Good day for...

The power of small trade unions. In an enlightening piece this afternoon, Patrick noted that many of Labour’s most radical policies were coming from the Communication Workers’ Union. Larger trade unions, like Len Mcclusky’s Unite, have by contrast tended to be a block on radicalism. It’s worth a read.

Bad day for...

The Brexit Party’s increasingly flimsy-looking commitment to represent the real people of Britain. The party has named Ed Punchard, a survivor of the 1988 Piper Alpha oil rig disaster, as its candidate for Tynemouth – despite the fact he’s lived in Australia for nearly 30 years, and has only “passed through” the area until recently.

Punchard told local newspaper Chronicle Live that he has a “great fondness for the North East because of [his] time in the North Sea”. Well then.

Quote of the day

“I’m going to set up a lobbying firm called Historians Against Ahistorical Nonsense and it will just be me, becoming increasingly hoarse, begging people to stop pointing at things and calling them gulags.”

Dr Charlotte Riley, a historian at the University of Southampton, responding to Reaction’s Ian Martin’s apparently sincere suggestion that free broadband was a step on the road to the gulag.

Everybody’s talking about...

The electoral horserace, obviously, because despite our best intentions and today’s sudden burst of policy, we’re pretty much all more interested in who’s going to win than we are in what they’ll do afterwards.

If you too want to know who’s winning – and you’re only human – then you should read the excellent livechat that Stephen and Patrick held earlier in which they delved into that very question.

Everybody should be talking about...

The fact that Jeremy Corbyn was last night photographed holding a copy of Sil and the Devil Seeds of Arodor, an unofficial Doctor Who spin off DVD featuring a rapacious and ultra-capitalist slug creature, who appeared on the show twice in the mid-1980s, as well as former companion Sophie Aldred (Ace!) in full monster make-up.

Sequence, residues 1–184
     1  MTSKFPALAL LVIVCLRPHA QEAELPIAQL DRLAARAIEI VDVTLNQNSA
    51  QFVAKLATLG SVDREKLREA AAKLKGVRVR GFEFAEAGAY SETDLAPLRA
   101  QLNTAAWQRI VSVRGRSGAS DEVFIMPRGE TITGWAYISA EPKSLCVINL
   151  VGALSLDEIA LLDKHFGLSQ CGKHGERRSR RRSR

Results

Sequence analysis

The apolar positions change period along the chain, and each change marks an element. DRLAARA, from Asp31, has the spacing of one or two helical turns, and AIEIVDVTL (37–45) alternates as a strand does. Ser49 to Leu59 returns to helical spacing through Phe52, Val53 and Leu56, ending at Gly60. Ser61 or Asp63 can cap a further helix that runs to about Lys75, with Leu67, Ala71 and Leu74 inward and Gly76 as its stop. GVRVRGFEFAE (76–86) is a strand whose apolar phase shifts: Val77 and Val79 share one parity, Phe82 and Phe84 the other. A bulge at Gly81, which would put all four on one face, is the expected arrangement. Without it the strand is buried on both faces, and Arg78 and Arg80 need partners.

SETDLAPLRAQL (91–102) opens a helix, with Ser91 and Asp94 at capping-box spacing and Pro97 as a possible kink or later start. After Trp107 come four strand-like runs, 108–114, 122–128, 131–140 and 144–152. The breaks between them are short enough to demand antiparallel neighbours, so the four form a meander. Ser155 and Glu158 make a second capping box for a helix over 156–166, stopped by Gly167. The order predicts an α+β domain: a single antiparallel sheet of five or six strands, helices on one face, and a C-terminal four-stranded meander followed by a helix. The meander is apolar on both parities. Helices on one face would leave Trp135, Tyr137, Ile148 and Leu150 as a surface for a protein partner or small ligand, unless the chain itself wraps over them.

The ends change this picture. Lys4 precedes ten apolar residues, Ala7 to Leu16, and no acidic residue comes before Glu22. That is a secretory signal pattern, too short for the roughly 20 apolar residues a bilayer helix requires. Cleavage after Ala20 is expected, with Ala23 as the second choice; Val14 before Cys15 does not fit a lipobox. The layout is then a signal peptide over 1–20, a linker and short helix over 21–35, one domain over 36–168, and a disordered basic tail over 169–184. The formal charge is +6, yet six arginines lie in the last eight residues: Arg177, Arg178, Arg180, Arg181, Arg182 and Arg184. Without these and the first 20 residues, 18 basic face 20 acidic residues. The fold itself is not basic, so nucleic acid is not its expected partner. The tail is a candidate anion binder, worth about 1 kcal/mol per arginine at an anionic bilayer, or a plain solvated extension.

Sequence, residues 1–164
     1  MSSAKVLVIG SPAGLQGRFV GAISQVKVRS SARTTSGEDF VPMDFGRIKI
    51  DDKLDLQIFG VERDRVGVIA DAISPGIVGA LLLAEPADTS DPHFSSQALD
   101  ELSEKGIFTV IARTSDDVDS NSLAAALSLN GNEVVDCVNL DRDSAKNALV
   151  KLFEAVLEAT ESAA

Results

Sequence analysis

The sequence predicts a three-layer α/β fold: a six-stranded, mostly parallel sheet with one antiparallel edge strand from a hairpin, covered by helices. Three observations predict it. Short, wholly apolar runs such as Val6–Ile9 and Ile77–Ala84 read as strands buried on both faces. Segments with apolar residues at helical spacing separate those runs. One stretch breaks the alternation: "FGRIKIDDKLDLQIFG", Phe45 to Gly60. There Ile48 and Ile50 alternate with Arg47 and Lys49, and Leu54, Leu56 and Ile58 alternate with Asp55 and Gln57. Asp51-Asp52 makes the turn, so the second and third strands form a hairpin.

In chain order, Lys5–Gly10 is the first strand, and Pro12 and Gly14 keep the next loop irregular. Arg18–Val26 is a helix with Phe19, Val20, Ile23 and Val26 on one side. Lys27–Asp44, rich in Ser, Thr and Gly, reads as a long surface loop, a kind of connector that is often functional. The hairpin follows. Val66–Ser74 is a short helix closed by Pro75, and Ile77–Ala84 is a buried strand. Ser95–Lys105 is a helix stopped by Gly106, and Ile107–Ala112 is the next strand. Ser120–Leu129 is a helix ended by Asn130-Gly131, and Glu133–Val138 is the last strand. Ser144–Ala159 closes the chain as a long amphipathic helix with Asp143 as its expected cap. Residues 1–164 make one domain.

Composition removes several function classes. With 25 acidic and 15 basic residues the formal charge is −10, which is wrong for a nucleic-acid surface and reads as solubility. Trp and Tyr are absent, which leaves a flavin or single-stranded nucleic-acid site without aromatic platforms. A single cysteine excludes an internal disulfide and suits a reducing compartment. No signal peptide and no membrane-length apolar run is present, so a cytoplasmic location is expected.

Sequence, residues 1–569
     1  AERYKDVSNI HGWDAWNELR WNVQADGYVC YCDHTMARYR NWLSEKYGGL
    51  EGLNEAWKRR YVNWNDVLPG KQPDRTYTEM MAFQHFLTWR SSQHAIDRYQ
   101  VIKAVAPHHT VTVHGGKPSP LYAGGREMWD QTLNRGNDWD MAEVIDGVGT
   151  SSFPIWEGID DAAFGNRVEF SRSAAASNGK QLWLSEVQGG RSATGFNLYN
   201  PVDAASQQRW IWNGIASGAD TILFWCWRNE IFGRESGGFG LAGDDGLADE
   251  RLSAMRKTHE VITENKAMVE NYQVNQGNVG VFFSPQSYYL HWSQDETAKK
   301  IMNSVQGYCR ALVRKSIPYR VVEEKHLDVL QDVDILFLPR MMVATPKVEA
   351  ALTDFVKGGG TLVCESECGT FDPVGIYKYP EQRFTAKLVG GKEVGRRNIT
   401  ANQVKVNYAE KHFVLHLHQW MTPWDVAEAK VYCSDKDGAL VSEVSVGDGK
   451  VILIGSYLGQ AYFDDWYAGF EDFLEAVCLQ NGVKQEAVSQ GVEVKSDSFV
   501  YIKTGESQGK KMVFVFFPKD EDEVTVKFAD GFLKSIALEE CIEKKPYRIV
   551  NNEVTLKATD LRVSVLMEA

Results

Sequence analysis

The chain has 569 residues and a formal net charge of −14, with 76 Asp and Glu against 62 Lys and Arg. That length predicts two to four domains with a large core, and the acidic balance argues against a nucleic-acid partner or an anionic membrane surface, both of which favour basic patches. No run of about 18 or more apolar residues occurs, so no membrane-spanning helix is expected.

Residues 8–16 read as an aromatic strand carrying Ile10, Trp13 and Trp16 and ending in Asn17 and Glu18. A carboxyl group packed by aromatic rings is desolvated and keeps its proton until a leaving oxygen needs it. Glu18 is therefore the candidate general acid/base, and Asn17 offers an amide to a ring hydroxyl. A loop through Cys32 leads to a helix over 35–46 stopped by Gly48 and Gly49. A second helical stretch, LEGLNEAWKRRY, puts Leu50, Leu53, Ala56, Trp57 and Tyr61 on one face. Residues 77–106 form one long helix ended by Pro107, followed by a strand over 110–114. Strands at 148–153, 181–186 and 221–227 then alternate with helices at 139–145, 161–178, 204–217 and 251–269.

If you don’t get this reference – and I hope for your sake you don’t – it is difficult to convey quite how weird this is. Honestly, it’s like finding out that Boris Johnson is a fan of Stephen’s Harry Potter fan fic. But the section of the nerdsphere that remembers the 1990s, when stuff like this was all we had instead of new Doctor Who, are unlikely to soon recover from the shock.

Corbyn had been handed the DVD by the actor Nabil Shaban, who plays the slug in question. But don’t google it, it’ll only upset you.

Housekeeping

I’m taking next week off so that I can go to Ikea and Prague (though not, you note, Ikea in Prague). Evening Call will instead be written by a motley selection of my excellent colleagues.

Questions? Comments? Abuse? Tell me.

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Jonn Elledge is assistant editor of the New Statesman and editor of its sister site, CityMetric. He writes the Evening Call newsletter. You can find him on Twitter or Facebook.